What Is Lent?


Lilly Combs


This past Wednesday you probably noticed a few people roaming around the halls with a dark cross on their foreheads. What does that mean exactly, and why do they do it? The cross symbol is created from ashes (from the previous Palm Sunday) that are put on the forehead during the Ash Wednesday mass. When the ashes are placed on the forehead by the minister, they usually say the words “remember that you are dust and unto dust you shall return” (Genesis 3:19). This practice celebrates the start of the Lenten season and is most commonly practiced by Catholics and Lutherans. The ashes and the saying help to remind everyone of their own impending deaths, like Christ’s own, and let them know they need to prepare for it.
While this may sound a little ominous, it is all for a happy ending. Lent is a time of penance, preparation, and the betterment of oneself. People who observe the Lenten season typically give something up, a bad habit like eating candy, for example, and don’t eat meat on Fridays. The act of not eating meat on Fridays is because ancient teachings say that Jesus died on a Friday, and they can eat fish because it is not a warm-blooded animal. This is why local churches typically have fish fries on Fridays during Lent. These fish fries help bring the community together during such an important time in the church calendar.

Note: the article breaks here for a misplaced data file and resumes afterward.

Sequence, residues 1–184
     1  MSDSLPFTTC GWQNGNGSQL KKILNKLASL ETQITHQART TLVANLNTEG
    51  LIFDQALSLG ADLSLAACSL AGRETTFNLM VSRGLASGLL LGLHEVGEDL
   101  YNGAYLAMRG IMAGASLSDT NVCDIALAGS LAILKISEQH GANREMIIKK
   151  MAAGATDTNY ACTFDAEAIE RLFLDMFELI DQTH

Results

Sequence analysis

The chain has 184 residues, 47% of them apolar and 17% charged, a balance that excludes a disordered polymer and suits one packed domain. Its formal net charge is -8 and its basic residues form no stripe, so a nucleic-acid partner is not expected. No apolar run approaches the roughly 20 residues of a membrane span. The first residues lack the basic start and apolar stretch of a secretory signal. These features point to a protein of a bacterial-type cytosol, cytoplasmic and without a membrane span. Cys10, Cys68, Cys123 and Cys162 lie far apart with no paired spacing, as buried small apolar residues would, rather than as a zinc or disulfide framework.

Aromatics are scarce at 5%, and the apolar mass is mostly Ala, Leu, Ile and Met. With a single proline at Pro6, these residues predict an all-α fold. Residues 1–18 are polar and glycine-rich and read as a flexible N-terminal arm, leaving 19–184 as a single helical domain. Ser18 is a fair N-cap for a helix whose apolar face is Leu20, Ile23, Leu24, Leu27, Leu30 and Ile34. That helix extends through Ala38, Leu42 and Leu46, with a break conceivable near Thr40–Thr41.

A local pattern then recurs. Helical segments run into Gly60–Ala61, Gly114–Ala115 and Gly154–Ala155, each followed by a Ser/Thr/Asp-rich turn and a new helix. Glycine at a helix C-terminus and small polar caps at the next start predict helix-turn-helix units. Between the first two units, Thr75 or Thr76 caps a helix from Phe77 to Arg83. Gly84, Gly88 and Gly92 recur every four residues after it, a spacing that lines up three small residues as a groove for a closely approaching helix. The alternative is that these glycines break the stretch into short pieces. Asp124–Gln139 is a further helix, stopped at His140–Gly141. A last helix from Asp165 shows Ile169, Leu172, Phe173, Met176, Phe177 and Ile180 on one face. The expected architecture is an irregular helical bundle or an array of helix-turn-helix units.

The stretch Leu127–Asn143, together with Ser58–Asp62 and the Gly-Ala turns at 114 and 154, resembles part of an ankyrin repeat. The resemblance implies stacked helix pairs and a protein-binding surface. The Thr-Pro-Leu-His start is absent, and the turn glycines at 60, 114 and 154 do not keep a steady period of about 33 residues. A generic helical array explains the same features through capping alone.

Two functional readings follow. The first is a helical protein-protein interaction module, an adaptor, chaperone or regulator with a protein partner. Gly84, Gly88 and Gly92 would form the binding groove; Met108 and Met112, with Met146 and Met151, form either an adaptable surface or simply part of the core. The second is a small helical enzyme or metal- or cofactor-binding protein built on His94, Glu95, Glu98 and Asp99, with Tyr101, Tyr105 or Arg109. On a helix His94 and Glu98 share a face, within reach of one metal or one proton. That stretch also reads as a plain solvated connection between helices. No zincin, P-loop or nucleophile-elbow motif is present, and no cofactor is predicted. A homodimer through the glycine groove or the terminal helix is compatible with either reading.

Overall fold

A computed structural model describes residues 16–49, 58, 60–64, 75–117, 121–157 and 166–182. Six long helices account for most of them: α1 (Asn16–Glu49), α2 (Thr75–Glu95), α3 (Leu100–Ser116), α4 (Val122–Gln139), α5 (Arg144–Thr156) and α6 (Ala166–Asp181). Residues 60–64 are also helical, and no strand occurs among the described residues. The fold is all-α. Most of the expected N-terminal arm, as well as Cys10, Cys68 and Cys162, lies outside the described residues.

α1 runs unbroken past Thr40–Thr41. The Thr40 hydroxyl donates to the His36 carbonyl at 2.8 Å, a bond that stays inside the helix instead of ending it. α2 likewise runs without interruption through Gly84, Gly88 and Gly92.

Need a full recap? The Lenten season starts on Ash Wednesday and ends on Easter Sunday and is most commonly practiced by Lutherans and Catholics. Those that participate don’t eat meat on Fridays and give something up as a sacrifice to Christ because he gave up his life for them. This could even mean some menu changes in the cafeteria on Friday with the addition of ‘fasting friendly’ food, and many restaurants add fish to their menus. Lent is a time to reflect on yourself and prepare yourself for Christ.